A slew of articles in several media outlets from CNN to TechCrunch have recently highlighted a medical disruptor called Forward that opened its first “doctor's office” in San Francisco in mid-January. I think it holds an important perspective into what is in store for all of us and how our offices operate.
The flagship location completely reimagines the patient experience. Unlike the uncomfortable, stuffy waiting rooms most of us are accustomed to, the space is designed with an open, inviting floor plan with interactive gadgets and six private consulting rooms. It is a highly digitized, interactive experience in which patients design their own health plans and have monitors to track their health. This data is measured on their mobile devices and shared with a dedicated team of doctors and nurses 24/7. As if that is not disruptive enough, they charge a flat $149 fee per month to give the patient an initial screening, as well as constant monitoring and access to medical help and guidance on demand. The firm uses artificial intelligence to ensure consistent diagnosis and treatment for patients. The founding team and investors have backgrounds in technology and come from Facebook and Google. Whether this business model works or not, it is still likely to accelerate the push by the entire medical profession into a more consumer-empowered direction. Imagine the Apple store meets Kaiser.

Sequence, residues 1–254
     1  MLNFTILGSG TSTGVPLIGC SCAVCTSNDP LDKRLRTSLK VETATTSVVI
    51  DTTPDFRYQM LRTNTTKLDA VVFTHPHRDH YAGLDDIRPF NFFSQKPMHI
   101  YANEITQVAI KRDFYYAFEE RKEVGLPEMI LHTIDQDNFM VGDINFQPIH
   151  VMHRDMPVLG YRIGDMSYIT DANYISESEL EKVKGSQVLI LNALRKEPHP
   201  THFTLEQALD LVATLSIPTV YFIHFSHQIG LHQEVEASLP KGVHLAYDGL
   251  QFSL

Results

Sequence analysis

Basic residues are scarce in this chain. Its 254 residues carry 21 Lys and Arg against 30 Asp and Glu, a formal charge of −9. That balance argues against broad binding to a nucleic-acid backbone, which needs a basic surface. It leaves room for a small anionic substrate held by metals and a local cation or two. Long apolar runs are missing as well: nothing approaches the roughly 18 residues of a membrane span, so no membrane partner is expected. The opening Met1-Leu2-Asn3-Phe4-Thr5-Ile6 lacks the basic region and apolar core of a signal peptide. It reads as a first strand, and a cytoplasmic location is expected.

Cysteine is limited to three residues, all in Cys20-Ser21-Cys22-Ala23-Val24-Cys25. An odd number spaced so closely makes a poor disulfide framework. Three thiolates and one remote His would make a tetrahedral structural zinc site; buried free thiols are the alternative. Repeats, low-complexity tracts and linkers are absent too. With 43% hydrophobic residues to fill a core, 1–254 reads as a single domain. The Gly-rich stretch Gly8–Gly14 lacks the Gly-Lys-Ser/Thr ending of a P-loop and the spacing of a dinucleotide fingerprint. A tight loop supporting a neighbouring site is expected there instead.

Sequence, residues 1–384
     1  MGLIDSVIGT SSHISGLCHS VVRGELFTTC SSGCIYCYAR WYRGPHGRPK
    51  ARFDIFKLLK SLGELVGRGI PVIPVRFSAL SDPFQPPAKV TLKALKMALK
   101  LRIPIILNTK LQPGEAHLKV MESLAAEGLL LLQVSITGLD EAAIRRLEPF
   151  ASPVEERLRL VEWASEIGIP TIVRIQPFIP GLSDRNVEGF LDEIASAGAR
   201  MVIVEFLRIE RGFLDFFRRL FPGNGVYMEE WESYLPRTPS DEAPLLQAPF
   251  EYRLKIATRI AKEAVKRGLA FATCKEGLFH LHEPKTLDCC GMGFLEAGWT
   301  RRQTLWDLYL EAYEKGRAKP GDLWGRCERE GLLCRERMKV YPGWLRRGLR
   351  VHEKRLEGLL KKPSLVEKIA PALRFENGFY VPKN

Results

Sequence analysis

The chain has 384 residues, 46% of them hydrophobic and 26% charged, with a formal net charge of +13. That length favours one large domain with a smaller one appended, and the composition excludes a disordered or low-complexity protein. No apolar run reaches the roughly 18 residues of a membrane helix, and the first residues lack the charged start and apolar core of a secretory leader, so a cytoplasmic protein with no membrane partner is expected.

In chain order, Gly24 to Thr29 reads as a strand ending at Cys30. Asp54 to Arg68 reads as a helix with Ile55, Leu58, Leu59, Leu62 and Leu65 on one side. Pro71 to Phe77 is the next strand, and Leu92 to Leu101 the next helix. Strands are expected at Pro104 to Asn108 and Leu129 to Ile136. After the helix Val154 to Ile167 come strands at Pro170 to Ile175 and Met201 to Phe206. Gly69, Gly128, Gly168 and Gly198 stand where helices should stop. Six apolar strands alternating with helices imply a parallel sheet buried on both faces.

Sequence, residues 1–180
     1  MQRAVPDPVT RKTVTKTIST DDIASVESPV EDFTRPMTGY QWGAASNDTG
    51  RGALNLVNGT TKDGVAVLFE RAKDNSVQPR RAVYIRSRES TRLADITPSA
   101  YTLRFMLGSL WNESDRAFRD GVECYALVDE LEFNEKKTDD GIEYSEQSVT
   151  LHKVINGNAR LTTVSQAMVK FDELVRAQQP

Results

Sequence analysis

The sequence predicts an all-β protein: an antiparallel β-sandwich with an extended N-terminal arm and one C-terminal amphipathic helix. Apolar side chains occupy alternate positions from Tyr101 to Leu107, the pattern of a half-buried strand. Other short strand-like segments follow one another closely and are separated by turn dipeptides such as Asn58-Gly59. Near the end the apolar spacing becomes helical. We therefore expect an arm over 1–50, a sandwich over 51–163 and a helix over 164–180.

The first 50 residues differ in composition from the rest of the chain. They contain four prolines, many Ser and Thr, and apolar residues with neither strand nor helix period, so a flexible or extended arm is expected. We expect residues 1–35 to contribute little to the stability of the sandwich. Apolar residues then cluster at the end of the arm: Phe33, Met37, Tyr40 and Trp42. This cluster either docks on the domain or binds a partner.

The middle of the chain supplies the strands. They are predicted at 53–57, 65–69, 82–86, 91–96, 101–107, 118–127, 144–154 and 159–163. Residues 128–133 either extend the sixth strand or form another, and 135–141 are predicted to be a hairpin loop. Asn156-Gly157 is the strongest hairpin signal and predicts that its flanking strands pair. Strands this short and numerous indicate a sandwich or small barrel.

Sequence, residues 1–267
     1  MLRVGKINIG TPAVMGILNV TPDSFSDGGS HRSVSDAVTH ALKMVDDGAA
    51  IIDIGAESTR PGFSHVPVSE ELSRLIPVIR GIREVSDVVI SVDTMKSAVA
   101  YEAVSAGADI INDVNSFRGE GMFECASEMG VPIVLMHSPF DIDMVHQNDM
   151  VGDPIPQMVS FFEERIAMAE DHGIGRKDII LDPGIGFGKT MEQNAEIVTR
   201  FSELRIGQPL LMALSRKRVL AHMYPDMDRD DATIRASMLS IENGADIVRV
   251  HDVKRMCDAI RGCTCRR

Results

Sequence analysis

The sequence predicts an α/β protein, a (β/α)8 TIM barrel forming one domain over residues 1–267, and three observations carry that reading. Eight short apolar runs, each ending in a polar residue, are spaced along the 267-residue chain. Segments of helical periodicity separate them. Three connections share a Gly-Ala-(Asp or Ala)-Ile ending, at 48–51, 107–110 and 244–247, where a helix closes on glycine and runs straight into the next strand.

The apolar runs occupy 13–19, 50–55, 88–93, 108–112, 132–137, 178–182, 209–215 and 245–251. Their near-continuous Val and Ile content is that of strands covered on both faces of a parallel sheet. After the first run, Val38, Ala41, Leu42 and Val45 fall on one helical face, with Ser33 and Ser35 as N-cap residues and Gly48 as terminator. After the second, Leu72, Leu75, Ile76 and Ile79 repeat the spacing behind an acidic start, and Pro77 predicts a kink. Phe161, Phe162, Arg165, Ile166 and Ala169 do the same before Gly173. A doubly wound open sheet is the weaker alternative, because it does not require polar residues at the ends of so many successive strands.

THE EMPOWERED CLIENT
Now imagine how that might be replicated in our industry.
INTO THE FUTURE
In the past several years, many doctors have shifted to concierge medicine (charging an annual fee for wellness and maintenance) to serve fewer patients and still stay profitable. How many of them can make the investment to further enhance the way they deliver their service? The digitized medical experience that Forward intends to deliver will allow one office to literally serve thousands of patients in a more dynamic, and ultimately superior, way than most doctors could ever replicate with their existing infrastructure and systems.
In many ways, wealth managers are in a similar predicament. There is too little investment in the client experience, tools that are not engaging to clients and a way of delivering service that feels stale. But the opportunity to shift and take market share has never been greater because technology is making it possible and so few firms are actually reimagining themselves and how they serve clients. Only those who do will thrive.
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